With no tourist to create noise, I kept clicking to my heart’s content and then we took a leisurely stroll around the village. I did not feel like going anywhere else leaving this ‘piece of heaven’. But Mr. Tamang had already arrived to take us to our next stop- Lungthung. Bidding Pushpak and others at Dilmaya goodbye, we finally set off to ride the much talked about ‘Zigzag Road’ of the Old Silk Route.
The journey from Zuluk to Lungthung (11500 ft.) was perhaps the most scenic of my life till date. Thin serpentile roads winding through the lap of the Himalayas painted with golden-brown grass underneath azure sky. Being a military area one can expect excellent road conditions all through.
We stopped at Thambi View Point before reaching Lungthung. Located at an altitude of 12300 feet Thambi View Point on a clear day offers exotic views of Mount Kanchenjungha. The odds were against us this time as well. The beauty had covered itself in a thick blanket of clouds and refused to give us a show.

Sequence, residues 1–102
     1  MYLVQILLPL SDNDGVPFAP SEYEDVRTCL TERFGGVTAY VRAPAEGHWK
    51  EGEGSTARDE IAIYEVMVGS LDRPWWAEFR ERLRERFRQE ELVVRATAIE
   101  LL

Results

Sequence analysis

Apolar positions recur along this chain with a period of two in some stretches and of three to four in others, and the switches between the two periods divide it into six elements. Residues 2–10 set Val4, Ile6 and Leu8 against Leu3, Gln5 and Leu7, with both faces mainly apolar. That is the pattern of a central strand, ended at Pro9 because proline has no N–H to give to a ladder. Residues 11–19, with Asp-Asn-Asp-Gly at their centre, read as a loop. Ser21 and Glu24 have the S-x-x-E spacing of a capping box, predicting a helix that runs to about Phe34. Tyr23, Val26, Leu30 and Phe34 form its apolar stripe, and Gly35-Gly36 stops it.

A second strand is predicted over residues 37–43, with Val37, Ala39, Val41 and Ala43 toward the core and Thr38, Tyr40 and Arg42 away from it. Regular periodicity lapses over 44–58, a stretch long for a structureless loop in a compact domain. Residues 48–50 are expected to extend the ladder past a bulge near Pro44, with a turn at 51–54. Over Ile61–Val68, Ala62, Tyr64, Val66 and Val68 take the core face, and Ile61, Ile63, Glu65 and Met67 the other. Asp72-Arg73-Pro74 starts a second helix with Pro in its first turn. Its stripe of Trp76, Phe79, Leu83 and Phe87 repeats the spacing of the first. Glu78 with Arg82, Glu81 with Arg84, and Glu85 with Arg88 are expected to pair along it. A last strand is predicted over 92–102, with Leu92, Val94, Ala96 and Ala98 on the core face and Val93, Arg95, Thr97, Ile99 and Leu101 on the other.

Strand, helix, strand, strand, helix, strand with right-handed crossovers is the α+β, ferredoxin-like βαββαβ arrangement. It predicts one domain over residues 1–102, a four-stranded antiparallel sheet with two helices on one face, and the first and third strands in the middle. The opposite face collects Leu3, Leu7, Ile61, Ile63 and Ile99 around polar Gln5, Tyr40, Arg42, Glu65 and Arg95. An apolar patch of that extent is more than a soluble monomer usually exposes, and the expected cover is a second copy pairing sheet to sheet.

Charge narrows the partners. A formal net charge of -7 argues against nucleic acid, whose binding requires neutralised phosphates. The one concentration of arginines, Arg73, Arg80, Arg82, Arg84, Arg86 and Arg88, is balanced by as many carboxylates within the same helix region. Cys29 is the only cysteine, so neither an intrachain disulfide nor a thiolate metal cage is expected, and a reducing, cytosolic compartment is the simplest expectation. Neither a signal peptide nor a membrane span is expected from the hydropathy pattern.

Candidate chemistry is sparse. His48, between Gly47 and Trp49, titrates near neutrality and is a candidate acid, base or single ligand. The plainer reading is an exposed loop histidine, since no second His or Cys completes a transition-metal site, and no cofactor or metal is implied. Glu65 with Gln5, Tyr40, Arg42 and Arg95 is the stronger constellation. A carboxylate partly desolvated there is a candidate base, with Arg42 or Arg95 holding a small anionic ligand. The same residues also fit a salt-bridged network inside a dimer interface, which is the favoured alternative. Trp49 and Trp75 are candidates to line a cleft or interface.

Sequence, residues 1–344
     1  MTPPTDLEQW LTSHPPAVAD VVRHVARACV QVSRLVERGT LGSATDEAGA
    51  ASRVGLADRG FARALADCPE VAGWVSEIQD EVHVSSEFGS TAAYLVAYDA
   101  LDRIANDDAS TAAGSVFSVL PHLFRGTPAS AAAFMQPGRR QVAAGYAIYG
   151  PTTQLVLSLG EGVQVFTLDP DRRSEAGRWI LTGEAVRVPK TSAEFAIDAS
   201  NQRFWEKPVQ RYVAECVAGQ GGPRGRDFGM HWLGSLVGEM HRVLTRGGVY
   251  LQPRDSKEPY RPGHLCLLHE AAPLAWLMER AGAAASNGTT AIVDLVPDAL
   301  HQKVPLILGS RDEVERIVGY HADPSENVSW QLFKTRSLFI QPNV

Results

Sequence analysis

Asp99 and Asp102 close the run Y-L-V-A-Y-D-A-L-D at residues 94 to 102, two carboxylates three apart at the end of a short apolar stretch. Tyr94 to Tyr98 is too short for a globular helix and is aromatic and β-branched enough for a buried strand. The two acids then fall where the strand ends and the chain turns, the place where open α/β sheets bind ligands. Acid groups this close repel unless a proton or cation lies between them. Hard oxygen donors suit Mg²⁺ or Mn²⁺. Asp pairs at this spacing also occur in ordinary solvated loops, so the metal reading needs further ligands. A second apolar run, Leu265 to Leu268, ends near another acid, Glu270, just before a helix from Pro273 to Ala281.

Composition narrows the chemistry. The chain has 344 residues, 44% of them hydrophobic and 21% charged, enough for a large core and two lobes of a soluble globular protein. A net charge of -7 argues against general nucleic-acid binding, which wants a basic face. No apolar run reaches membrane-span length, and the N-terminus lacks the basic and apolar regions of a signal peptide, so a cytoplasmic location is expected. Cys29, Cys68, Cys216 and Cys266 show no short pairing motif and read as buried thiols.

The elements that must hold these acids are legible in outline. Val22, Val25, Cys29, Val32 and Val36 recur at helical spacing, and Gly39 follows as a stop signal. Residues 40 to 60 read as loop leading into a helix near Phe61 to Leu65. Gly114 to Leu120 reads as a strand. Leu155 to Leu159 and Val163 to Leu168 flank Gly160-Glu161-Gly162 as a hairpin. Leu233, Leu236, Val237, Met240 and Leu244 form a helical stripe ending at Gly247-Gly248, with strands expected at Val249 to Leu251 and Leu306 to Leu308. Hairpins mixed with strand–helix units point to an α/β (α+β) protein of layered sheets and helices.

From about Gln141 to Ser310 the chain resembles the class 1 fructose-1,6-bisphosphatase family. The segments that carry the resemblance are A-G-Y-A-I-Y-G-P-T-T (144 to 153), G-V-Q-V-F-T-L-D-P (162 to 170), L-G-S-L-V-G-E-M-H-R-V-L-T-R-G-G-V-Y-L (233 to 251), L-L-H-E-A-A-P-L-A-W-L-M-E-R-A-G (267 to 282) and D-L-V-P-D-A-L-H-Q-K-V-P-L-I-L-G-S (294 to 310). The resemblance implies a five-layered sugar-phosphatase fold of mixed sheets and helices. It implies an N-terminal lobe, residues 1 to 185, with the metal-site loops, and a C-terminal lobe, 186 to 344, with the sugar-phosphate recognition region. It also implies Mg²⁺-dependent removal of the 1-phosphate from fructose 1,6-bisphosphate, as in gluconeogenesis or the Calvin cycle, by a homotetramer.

A sole tea shop at Thambi View Point is run by a lady who makes her living out of it. She climbs up and down on feet to this place from Zuluk everyday to run this stall beating all odds of the harsh weather. We started off once again. The weather had turned a sombre mood.
On reaching Lunchthung (12,500 ft) Mr. Thandoop Bhutia welcomed us. A fleet of steps going down from the road to a tiny little cottage wherein stood his homestay. The air was heavy and speedy, the sun had bid us goodbye to make way for grey clouds and fog. Lungthung offers ecstatic views with Mt.Kanchenjungha on one side and zigzag road on the other.